What This Means for Patients

For patients with stage II or III colorectal cancer, CEA testing after surgery is recommended every three months, for at least three years after diagnosis. Along with other tests, CEA tests are one way doctors can find out whether the cancer has spread or returned. Cancer that has spread or returned can be treated successfully for many patients. For more information about the recommended tests after treatment for colorectal cancer, read What to Know: ASCO's Guideline on Follow-Up Care for Colorectal Cancer.

For patients with metastatic pancreatic cancer (cancer that has spread outside the pancreas to other parts of the body), CA 19-9 may be measured at the beginning of treatment and every one to three months during treatment. Other tests may be used along with the CA 19-9 test to decide the best treatment.

The other tumor markers in this guide require further research before they can be recommended. It is important to talk with you doctor about what tumor marker tests are most appropriate for your situation. Patients are also encouraged to talk with their doctor about enrolling in clinical trials of tumor marker tests.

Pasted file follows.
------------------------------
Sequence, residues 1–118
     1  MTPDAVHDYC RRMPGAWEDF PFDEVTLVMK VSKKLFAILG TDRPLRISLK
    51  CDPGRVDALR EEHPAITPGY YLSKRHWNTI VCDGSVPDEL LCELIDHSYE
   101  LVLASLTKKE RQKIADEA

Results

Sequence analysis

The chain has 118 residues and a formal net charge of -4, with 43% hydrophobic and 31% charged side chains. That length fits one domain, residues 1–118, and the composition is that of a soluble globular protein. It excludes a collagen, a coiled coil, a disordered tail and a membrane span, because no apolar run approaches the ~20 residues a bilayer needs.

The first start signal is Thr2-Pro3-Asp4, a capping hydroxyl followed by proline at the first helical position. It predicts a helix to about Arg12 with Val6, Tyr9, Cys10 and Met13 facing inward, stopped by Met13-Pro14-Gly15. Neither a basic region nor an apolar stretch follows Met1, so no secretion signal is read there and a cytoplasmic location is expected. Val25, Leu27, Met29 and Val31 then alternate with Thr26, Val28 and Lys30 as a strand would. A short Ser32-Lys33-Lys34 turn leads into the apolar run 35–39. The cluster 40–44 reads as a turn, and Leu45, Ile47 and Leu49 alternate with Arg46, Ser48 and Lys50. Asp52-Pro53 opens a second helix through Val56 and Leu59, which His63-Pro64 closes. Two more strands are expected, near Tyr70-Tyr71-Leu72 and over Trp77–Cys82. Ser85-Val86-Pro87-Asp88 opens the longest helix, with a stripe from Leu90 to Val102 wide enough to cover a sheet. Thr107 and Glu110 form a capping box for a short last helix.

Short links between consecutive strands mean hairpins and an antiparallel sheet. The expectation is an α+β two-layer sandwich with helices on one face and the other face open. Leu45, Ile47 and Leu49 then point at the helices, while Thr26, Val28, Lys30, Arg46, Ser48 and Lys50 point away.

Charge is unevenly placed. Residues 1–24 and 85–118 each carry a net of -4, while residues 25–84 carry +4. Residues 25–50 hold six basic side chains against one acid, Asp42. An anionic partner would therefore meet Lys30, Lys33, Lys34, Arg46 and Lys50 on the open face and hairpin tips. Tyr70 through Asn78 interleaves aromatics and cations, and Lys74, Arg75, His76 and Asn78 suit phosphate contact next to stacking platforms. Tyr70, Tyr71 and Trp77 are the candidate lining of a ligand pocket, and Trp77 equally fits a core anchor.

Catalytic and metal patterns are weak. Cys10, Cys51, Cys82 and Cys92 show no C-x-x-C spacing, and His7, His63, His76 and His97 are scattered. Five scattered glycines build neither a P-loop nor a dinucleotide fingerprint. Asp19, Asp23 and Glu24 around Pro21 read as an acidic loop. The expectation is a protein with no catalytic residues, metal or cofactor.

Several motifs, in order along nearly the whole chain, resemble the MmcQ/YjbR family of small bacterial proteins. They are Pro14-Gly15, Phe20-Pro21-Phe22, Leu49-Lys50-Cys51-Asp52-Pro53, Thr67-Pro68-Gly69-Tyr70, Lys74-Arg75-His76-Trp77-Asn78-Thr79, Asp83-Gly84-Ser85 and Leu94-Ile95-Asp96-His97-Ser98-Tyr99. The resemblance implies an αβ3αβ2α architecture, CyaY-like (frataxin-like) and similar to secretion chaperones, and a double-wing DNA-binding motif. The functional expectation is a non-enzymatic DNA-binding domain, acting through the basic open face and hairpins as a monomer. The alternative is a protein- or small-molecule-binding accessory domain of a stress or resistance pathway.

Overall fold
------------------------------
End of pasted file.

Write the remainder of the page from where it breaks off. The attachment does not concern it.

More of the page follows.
Questions to Ask the Doctor

  • What tumor marker tests do you recommend? Which ones have already been performed?
  • How are these tests performed?
  • How often do I need these tests?
  • What are the results of these tests, and how will the results affect my treatment?
  • What health conditions or medications may interfere with these tests?
  • What clinical trials are open to me?
  • Where can I find more information?